Masthead header

I Wanted Golden Brown, Not Charred Black

About a week ago I did a little experimenting at dinner time. I made the most amazing dinner on the grill and just knew I needed to make it again ASAP so that I could take pictures and share the “how-to” with you all. Earlier this week I excitedly got out all my supplies and my camera and started snapping pictures at the various prep stages. Things were going great until I glanced out the back door and saw my food on fire.

Oh the sadness! I suppose I could have named this post “How NOT to grill a chicken”. I am happy to report though, that despite how, uh, black the chicken ended up being on the outside, most of the meat was salvageable. Aside from the terrible grilling job I did this time around, I thought it was still worth it to share my how-to with you all, so here we go…

(Note: If your stomach can’t handle close-ups of raw chicken this early in the day, you may want to come back this afternoon!)

Step 1: Cut through the breast bone of the chicken so that the chicken is able to lay (mostly) flat on the grill. You could also cut through the backbone, but the breast side is much easier to cut. I just used the sharpest knife in my kitchen (which is probably pretty dull).

Step 2: I like to call this the “Channel your inner Pioneer Woman” step. Know why? Because it involves butter and PW loves her butter. I cut 6 little slits in the chicken skin and slipped probably half a tsp of cold butter into each slit. I’m not entirely sure why I did this… I think I figured it would add some flavor and help crisp the skin. Plus, I think I’ve been spending too much time looking at Pioneer Woman recipes.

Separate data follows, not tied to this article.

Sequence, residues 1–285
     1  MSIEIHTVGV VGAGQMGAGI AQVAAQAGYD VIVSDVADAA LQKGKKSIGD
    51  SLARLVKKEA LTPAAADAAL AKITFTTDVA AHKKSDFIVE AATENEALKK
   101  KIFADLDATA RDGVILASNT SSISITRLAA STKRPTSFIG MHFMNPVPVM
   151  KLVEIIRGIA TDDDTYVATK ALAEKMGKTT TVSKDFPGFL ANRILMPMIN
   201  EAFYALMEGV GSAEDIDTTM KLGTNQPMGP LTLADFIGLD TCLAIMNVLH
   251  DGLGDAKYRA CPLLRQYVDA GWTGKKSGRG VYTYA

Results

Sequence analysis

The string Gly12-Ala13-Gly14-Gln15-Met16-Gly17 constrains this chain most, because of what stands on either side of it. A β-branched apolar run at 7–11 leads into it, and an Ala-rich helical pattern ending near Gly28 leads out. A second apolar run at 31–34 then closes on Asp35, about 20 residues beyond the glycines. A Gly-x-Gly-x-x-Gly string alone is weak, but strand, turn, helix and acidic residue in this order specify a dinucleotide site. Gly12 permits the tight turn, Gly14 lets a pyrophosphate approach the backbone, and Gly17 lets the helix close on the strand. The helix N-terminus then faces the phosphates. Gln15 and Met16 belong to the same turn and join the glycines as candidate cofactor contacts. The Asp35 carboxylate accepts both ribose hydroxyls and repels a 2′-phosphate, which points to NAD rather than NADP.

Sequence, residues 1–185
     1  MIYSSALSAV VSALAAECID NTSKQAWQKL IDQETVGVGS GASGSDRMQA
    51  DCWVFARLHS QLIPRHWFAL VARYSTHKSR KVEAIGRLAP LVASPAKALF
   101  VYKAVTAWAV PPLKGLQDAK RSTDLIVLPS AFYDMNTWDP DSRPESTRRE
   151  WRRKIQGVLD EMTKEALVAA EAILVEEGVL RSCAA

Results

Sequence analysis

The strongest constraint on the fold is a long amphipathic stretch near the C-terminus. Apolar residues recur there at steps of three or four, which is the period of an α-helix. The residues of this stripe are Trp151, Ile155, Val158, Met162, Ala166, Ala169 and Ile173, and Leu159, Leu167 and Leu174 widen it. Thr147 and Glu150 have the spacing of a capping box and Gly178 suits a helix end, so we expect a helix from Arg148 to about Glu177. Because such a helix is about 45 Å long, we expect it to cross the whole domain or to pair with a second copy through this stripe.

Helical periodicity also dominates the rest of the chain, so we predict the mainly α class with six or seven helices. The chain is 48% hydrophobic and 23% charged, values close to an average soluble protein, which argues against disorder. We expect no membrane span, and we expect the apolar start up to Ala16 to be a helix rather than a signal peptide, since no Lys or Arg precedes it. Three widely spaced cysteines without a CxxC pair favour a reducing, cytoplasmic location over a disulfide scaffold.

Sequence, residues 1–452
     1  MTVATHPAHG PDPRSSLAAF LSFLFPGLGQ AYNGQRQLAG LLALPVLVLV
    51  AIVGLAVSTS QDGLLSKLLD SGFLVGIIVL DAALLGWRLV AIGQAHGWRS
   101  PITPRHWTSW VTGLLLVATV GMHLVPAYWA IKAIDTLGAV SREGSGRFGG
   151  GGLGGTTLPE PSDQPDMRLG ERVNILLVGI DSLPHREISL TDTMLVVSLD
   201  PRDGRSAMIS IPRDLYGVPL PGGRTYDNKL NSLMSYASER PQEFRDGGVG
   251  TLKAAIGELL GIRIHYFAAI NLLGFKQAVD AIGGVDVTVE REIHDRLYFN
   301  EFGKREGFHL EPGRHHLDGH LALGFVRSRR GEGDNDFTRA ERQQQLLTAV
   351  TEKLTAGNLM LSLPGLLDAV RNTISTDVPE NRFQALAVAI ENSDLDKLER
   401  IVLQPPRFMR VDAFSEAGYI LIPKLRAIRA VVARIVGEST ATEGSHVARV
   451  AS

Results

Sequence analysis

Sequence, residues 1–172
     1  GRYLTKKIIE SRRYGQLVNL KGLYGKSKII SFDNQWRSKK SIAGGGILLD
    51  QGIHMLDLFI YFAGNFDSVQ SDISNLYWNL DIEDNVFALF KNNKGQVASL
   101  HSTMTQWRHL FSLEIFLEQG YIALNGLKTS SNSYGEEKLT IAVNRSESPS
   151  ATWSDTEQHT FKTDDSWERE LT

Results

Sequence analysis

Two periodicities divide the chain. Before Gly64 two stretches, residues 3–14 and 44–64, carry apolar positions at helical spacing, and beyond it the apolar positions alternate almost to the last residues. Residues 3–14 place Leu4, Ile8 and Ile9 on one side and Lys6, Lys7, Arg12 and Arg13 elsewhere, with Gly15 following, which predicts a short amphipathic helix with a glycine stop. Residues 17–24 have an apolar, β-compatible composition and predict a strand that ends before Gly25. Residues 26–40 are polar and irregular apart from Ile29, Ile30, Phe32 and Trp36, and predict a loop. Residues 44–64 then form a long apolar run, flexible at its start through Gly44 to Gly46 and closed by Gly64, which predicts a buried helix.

Step 3: Season! I sprinkled roasted garlic and herb seasoning all over mine, but I’m sure a variety of seasonings would be tasty.

Step 4: Put it on a grill, over medium heat. This cooks best if you cook the “open” side or the side exposing the most bone first. You’ll cook it on this side for about 20 minutes and then flip the chicken over and cook it another 20. Make sure you use a meat thermometer to make sure it’s cooked properly!

Step 5: Prepare the onions! This is a little trick Nick picked up from his dad and these onions come out tasting SO good! And let me tell you, me saying an onion is good is quite something considering I usually hate ’em and pick them off my food. Now this is super difficult, so just stick with me… peel the skin off the onion and then cut off the ends. Place the whole onion on a piece of tin foil and wrap it into a ball. Yep, that’s it.

Step 6: Put the onions on the grill, over medium-high heat. These will likely need close to 40 minutes to cook. You want them to squish a little when you squeeze the foil ball with tongs.

Step 7: Cut up a summer squash into small chunks and throw onto a large piece of foil. I then topped with a piece of butter and shook salt and pepper all over it. Wrap the foil into a packet (it’s ok if it doesn’t cover completely) and put on the grill when you flip the chicken over (so that it’ll have about 20 minutes to cook). Medium or medium-high heat works well for this as well.

When all is said and done, you should have soft and sweet onions, perfectly steamed squash and a golden brown and oh-so-tasty chicken. This was the “good” side of my chicken this week. Not nearly as black as the other side was, but still more charred than I would have liked. I highly encourage trying this way of cooking chicken though! It (normally) comes out so good!

Oh yeah, and what went so wrong that my chicken went up in flames in the first place? Well, we hadn’t ever really cleaned the drip tray in the grill and apparently all the grease build up was just too much. When I ran outside to see my chicken in flames I noticed there were flames on the drip tray below and shooting all the way up to the chicken. Bummer. Check your own drip tray before bad things happen to your food!

October 4th – While this was actually posted almost 2 months ago, I figured it was perfect for this week’s I Heart Faces theme! Enjoy, and try not to burn your own chicken!

Your email is never published or shared. Required fields are marked *

*

*